A variety of refugia were offered to different instars of brown recluse spiders, Loxosceles reclusa Gertsch and Mulaik, and a South American recluse spider, L. laeta (Nicolet), to determine whether they preferred certain types of refugia spaces. Variables included (1) crevice widths ranging from 3.2 to 21 mm, (2) horizontal and vertical orientations, and (3) new refugia or refugia that had silk deposited by a previous conspecific resident. An additional 30-d assay with similar-sized refugia studied each species’ propensity for site fidelity or movement among refugia. L. reclusa preferred crevice widths ≥9 mm with no correlation of body size to crevice width, whereas L. laeta preferred crevice sizes ≥6.4 mm with a marginally significant correlation between crevice width and body size. Both species preferred (1) vertical instead of horizontal-oriented refugia and (2) refugia with conspecific silk compared with previously uninhabited refugia. There was no significant difference between the species in their propensity to move among refugia in the 30-d trial; however, both species had individuals that were always found in the same refugium for the entire assay and individuals changing refugia every 2–3 d. The propensity to switch refugia was not affected by the degree of starvation for the period tested as was initially hypothesized. The possible implications of this research toward developing novel control measures for Loxosceles spiders are discussed.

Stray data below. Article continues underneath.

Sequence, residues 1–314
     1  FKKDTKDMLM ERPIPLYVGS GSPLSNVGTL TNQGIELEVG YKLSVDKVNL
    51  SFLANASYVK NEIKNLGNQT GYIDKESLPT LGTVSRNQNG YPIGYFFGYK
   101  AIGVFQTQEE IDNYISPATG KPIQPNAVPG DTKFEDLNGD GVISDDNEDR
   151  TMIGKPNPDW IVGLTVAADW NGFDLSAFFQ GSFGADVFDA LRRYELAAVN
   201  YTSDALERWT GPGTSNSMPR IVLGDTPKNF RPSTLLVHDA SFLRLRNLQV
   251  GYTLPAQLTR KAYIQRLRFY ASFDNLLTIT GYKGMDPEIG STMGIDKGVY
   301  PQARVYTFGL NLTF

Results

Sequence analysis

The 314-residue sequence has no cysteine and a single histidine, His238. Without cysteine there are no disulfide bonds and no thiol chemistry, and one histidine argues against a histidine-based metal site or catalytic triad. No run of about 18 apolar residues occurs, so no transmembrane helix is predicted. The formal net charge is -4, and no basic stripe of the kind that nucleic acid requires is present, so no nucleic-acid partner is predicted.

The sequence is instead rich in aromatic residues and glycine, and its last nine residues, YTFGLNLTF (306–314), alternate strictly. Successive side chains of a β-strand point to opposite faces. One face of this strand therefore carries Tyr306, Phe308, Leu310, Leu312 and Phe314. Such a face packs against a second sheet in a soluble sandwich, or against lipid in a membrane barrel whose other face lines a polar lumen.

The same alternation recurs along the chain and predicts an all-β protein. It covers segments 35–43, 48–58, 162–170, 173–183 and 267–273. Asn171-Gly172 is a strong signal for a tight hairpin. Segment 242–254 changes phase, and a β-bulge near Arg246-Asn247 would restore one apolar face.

You have requested a machine translation of selected content from our databases. This functionality is provided solely for your convenience and is in no way intended to replace human translation. Neither BioOne nor the owners and publishers of the content make, and they explicitly disclaim, any express or implied representations or warranties of any kind, including, without limitation, representations and warranties as to the functionality of the translation feature or the accuracy or completeness of the translations.
Translations are not retained in our system. Your use of this feature and the translations is subject to all use restrictions contained in the Terms and Conditions of Use of the BioOne website.
Vol. 45 • No. 1